Images of America: Lost Minden
Minden has transformed quite a bit since Charles Vedeer founded it in 1835. The town has suffered damages of the Civil War and Reconstruction and between 1872 and 1933 the devastation of five fires and a killer tornado. Despite disaster, Minden continues to progress, but adaptation and rebuilding have caused many familiar landmarks to vanish from the local landscape. The 1902 fire led to the enactment of a city ordinance banning wooden structures downtown; as a result, many edifices were reconstructed. Today, not a single building in the business district predates the 1870s, and the roles of those still standing--such as the First National Bank, which is expected to reopen as a restaurant--are continually changing. In 1918, another fire destroyed the Minden Lumber Mill, the town's largest industry. Later in the 20th century, the development of a city government complex demolished an entire shopping district, the 1905 Webster Parish Courthouse, and Minden City Hall. Lost Minden captures catastrophes, celebrations, storefronts, and back streets that otherwise only remain in memories. John Agan is a lifelong Minden resident who has been actively involved in local history writing and research for more than 30 years. In the course of these activities, he accumulated most of the vintage photographs in this volume that depict the Minden that has since been "lost."
About John Agan (Shreveport, Louisiana Author)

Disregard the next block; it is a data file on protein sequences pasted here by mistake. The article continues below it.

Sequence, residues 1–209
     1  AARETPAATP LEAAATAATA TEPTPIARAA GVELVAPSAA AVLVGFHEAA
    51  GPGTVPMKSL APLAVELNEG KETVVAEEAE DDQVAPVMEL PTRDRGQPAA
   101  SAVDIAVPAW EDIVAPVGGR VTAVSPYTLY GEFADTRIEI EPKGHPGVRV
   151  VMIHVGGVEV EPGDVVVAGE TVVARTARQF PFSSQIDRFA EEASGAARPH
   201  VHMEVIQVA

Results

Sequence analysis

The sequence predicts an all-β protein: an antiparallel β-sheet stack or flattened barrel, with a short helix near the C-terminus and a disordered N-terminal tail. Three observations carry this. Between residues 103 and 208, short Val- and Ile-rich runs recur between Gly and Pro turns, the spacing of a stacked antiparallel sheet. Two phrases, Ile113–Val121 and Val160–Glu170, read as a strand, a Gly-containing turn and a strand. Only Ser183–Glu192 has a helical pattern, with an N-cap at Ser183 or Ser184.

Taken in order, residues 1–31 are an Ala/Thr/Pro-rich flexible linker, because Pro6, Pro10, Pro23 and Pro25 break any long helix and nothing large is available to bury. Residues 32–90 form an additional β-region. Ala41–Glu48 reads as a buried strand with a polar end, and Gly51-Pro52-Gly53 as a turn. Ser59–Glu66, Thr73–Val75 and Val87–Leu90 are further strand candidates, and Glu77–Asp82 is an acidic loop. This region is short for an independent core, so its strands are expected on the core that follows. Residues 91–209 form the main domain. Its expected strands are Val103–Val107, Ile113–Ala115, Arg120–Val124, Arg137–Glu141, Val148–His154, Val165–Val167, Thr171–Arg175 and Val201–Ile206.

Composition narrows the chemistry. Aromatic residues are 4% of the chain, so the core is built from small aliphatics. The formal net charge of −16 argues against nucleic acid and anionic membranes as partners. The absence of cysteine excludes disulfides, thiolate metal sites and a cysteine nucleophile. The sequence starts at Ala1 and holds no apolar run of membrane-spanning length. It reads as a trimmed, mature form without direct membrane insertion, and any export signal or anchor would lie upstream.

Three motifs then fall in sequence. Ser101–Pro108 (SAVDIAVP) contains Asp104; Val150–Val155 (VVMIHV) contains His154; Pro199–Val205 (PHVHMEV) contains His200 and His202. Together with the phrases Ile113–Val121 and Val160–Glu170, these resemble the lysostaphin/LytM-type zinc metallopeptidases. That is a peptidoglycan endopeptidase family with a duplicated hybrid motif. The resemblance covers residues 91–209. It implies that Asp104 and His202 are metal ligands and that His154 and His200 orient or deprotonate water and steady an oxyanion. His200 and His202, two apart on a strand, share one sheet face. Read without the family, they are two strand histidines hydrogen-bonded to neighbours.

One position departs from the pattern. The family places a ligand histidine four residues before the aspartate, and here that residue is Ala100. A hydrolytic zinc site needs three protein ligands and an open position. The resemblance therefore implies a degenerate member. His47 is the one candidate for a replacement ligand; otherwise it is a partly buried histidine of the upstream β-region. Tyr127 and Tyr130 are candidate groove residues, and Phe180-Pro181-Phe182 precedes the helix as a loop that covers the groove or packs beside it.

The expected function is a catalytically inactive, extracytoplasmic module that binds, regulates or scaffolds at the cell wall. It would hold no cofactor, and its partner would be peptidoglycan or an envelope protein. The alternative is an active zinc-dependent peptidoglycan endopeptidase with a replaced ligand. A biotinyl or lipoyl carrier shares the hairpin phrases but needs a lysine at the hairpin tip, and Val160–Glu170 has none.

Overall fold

John Agan was born in Shreveport, Louisiana in 1958 and has been a life-long resident of Minden, Louisiana. As a small child during the years of the Civil War Centennial, he developed a fascination with history that continues until this day. After graduation from Minden High School he earned a B.A. degree in History from Louisiana Tech University. After a few years working in other fields the call of history was so strong he returned to that calling, earning a M.Ed. in Social Studies Education and later a M.A. in History, also from Louisiana Tech. Before embarking on his teaching career he had already developed a hobby of writing history. For many years he had been absorbed in historical research, but was basically acquiring knowledge with no place to apply that knowledge. John’s writing career began accidentally thanks to one of his professors. About two years after John had graduated from Tech with his B.A., Professor John Winters of Louisiana Tech submitted one of his papers into the annual contest held by the North Louisiana Historical Association for the best paper written on Louisiana History. The first time John learned of the entry was when he was notified that he had won the award for his article, Minden, Louisiana: 1933. Recognizing that the writing gave an outlet for using the research, John began writing articles. He submitted several articles to the Journal of the NHLA, with several winning awards. Later he moved on to a weekly column, Echoes of Our Past, published every Friday in the Minden Press-Herald. For a few years he also wrote a regular article for The Minute Magazine. In 2000, Arcadia Publishing contacted John and asked him to compile a pictorial history of Minden. This first book experience led to four subsequent books on Minden and Webster Parish history. He currently serves as an Assistant Professor of History at Bossier Parish Community College in Bossier City, Louisiana.